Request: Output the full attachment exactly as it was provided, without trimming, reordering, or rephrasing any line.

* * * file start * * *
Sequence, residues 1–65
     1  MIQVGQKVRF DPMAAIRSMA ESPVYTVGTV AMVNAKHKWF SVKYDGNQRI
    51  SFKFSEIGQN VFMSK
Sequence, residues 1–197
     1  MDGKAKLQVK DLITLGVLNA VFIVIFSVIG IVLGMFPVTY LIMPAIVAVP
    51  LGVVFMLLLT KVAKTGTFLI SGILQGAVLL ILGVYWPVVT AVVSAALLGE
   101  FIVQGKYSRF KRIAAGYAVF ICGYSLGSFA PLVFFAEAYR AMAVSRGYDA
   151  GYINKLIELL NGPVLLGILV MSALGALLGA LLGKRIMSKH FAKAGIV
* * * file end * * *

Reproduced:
Sequence, residues 1–65
     1  MIQVGQKVRF DPMAAIRSMA ESPVYTVGTV AMVNAKHKWF SVKYDGNQRI
    51  SFKFSEIGQN VFMSK
Sequence, residues 1–197
     1  MDGKAKLQVK DLITLGVLNA VFIVIFSVIG IVLGMFPVTY LIMPAIVAVP
    51  LGVVFMLLLT KVAKTGTFLI SGILQGAVLL ILGVYWPVVT AVVSAALLGE
   101  FIVQGKYSRF KRIAAGYAVF ICGYSLGSFA PLVFFAEAYR AMAVSRGYDA
   151  GYINKLIELL NGPVLLGILV MSALGALLGA LLGKRIMSKH FAKAGIV